Israel’s capital has welcomed visitors for ages. But with the 50th anniversary of Israel’s Six-Day War and its territorial legacy, Jerusalem is encouraging guests to see the city in a series of new lights.
There is plenty here to surprise even the most regular visitor: a wider range of accommodations, a vibrant culinary scene and very new art in very old places. The paradoxes of a rapidly evolving yet deeply traditional city invite exploration more than ever.
Start by checking in at one of the city’s new boutique hotels, which are giving Tel Aviv a bit of competition.
Minutes from the Old City is the Villa Brown, Jerusalem’s newest boutique hotel, in a 19th-century mansion overlooking the Russian Compound. From the Tel Aviv-based Brown Hotel Group, the 24-room villa boasts the kind of stylish touches more typical of that city: a roof spa and terrace, lavishly restored Ottoman-era interiors, a subterranean “cave bar” and a garden bistro.
Another recent opening is the Bezalel Hotel, the latest from Atlas Boutique Hotels, which has stylish properties throughout Israel. Just steps from the Machane Yehuda Market, the Bezalel reflects its arty neighborhood with an interior dedicated to Israeli art and artists, quaint tiled walls and a dining room lined with bookshelves.
Across the street, Café Bezalel occupies a sunny corner and attracts weekend brunch crowds with that rarest of Jerusalem perks: It’s open on Saturdays.
Another rarity is on view at the Israel Museum — the country’s first-ever exhibition of works by Chinese artist and dissident Ai Weiwei. Spread across the third floor, Ai’s large-scale, provocative installations — incorporating photographs, graphics, sculptural elements and video — explicitly address the political questions of our time, from Nazi-era allusions to modern-day refugees in Greece.
The Ai Weiwei show is yet another signal that Jerusalem intends to challenge the dominance of Tel Aviv when it comes to contemporary art. Foodies and musicians have been marveling at Jerusalem’s cultural renaissance for years; now the art cognoscenti are starting to pay attention.
With the 2015 opening of the Rosenbach Contemporary in the King David Street area, Jerusalem got its first major gallery devoted to contemporary Israeli artists. But it’s far from the only cutting-edge space devoted to visual expression — or to the cultural pluralism that is its subtext.
Nearby, the vivid primary colors that explode from the Art Time Israel Gallery are a shocking contrast to Jerusalem’s time-worn, sand-hued streetscape; it’s a place where you might see a Day-Glo bust of Einstein. Afterward, head across the street to the Mamilla Hotel for a drink with a view at one of Jerusalem’s best rooftop bars.
Farther south, set amid the parks around the Mishkenot Sha’ananim cultural center, Dwek Gallery is a nonprofit organization that exhibits Israeli contemporary art and hosts events like a writer’s festival.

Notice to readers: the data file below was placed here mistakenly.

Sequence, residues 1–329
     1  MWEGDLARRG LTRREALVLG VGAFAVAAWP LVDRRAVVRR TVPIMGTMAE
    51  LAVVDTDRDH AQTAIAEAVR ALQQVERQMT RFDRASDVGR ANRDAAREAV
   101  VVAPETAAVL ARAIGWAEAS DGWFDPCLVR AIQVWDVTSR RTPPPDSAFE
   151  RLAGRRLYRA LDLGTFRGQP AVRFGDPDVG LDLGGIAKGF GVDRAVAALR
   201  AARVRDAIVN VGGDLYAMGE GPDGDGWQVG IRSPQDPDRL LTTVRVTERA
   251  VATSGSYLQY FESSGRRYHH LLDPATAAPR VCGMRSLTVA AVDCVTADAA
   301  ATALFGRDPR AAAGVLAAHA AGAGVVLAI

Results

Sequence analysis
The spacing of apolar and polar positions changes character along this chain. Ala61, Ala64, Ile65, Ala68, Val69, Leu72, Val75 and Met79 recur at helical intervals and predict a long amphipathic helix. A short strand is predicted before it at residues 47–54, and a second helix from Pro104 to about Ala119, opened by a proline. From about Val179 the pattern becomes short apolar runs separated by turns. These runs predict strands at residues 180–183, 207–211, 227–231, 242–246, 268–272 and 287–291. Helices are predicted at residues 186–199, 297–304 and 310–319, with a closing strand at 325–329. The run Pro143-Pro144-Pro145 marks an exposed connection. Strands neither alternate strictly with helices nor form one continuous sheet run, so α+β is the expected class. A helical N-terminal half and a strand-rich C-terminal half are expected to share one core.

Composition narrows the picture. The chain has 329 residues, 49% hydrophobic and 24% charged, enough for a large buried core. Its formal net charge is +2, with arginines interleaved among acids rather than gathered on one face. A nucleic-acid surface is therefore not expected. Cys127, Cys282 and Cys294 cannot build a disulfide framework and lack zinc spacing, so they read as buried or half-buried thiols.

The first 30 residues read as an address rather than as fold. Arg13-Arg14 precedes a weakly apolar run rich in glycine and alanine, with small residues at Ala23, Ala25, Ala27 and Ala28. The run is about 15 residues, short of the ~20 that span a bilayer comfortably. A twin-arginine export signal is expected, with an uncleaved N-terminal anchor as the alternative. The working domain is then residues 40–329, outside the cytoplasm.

To get a feel for the burgeoning scene, consider taking a private tour. One good bet is “Contemporary Art in Jerusalem,” an online guide launched two years ago that takes visitors into artist studios for chats with the creators, around back alleys to check out street art and through galleries large and small.
This being Israel, politics are always near the surface. The probing questions of Levantine coexistence are at the heart of this year’s Jerusalem Season of Culture, the annual summer festival from the capital’s cultural renewal initiative, Mekudeshet.
Throughout August and September, check the festival’s calendar for cultural happenings — fashion shows, concerts, culinary events and an “urban ceremonies” series. From Lebanese rock to an Egyptian Andalusian orchestra and a closing party at the Tower of David, this summer’s lineup celebrates the diverse cultures that animate modern Jerusalem.
That diversity is also on view in the much-hyped “Soul of the Land” exhibition, which features arresting images of Israeli life from the 2016 photography book “Passage to Israel.” After recent New York exhibitions at the Anderson Gallery (with a performance by Matisyahu at the opening reception) and The Brownstone, the exhibition is on view through July at the Jerusalem Theater.
Jerusalem’s biggest art fair, Hutzot Hayotzer, overlaps with the Israel Museum’s Wine Festival during the second week of August. Since both the Jerusalem art world and the Israeli wine scene are in full flower, the annual events provide opportunities to mingle with local artisans. Beginning Aug. 7, artist stalls and nightly concerts light up the Sultan’s Pool; in the museum garden, more than 60 wineries sample their latest vintages.
And if you happen to be in town this month? Catch the excitement of the Maccabiah Games, the so-called Jewish Olympics, which run through July 18 and celebrate the 50th anniversary of Jerusalem’s reunification with multiple events throughout the city.